eGates expansion

20 May 2019

The Home Office have announced that nationals from Australia, Canada, Japan, New Zealand, Singapore, South Korea and the United States of America will be permitted to use eGates from Monday 20 May 2019.

The use of eGates means that nationals from these countries entering the UK as either a visitor or as a Tier 4 student, will no longer be required to speak to a Border Force Officer on entry to the UK. Nationals from these new countries will be able to use the eGates instead which will simply read the chip in your passport, compare the digital image from the chip to your face and allow you to enter the UK. Tier 4 students with either a Tier 4 visa or a BRP from the new list of nationalities will be permitted to use the eGates as described.

In order to use the eGates, nationals from the new list of countries must have a passport with a biometric chip and also be above the age of 12 (12 - 17 year olds must be accompanied by an adult).

Short-term students from the new list of countries must not use the eGates. Short-term students must speak to a Border Force Officer in order to obtain a short-term study stamp in their passports. We are currently clarifying the position with the Home Office concerning short-term students from the new list of countries who mistakenly use the eGates to enter the UK. Guidance from the Home Office suggests that such students should see a Border Force Officer before they leave the port. Short-term students who use the eGates to enter the UK will not be permitted to study as they have entered the UK incorrectly. Short-term students who leave the port without seeing a Border Force Officer may need to leave the UK and re-enter in order to speak to a Border Force Officer. In order to avoid this, it is essential that short-term students avoid using eGates on initial entry.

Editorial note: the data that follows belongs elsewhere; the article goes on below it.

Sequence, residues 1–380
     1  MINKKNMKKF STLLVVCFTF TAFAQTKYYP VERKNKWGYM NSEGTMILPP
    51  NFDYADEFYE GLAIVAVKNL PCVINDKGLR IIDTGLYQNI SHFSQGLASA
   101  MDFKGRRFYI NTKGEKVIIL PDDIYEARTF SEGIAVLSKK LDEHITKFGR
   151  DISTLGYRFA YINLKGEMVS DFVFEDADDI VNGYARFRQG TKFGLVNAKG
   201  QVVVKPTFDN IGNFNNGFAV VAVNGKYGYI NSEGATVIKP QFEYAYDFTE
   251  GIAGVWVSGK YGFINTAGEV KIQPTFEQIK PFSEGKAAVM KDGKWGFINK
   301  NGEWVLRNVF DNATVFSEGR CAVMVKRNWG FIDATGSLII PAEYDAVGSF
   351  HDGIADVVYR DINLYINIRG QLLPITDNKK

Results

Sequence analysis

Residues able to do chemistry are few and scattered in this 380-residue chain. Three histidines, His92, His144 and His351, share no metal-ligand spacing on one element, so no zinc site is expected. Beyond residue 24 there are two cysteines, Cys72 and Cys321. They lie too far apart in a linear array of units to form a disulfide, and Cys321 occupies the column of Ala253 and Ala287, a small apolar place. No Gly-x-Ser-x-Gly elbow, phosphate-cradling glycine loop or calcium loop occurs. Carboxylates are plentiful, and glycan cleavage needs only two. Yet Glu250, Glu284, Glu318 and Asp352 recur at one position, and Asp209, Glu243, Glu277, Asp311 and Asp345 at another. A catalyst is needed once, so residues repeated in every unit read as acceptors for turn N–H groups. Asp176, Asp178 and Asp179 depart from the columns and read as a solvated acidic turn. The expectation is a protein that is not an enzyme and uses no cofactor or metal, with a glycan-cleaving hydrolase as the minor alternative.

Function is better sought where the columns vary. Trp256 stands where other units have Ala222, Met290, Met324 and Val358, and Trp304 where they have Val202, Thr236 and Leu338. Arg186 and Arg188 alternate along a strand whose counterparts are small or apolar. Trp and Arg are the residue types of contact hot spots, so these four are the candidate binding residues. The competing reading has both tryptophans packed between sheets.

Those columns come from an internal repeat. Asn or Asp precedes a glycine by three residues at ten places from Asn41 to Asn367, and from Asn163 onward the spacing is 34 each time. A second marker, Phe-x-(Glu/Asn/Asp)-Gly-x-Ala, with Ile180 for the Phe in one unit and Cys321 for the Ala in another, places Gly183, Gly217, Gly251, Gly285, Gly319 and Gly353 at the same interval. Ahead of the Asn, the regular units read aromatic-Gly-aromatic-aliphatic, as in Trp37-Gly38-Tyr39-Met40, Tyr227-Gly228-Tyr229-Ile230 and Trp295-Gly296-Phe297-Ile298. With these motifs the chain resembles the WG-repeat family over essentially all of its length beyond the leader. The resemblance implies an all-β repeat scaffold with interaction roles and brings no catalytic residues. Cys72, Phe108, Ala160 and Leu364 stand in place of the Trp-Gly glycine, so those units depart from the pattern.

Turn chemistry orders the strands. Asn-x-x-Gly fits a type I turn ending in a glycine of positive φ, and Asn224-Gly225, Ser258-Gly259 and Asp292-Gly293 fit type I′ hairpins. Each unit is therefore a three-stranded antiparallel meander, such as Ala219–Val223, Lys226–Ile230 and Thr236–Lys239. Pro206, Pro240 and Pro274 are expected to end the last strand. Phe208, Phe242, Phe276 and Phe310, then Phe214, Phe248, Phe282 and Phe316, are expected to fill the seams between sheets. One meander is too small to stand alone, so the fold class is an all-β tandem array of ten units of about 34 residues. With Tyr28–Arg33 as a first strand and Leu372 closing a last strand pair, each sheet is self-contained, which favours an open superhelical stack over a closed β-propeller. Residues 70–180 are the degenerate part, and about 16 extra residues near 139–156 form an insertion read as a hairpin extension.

The Home Office have also announced that landing cards for all non-EEA citizens are to be abolished. As visitors and Tier 4 students who use the eGates will no longer receive a stamp in their passport on entry to the UK, it is advisable that you keep some form of evidence of the date of entry to the UK in case you need to evidence this in the future. Acceptable evidence includes a boarding card, ticket or booking confirmation for travel to the UK.

Further details can be found by visiting the Home Office website.


Top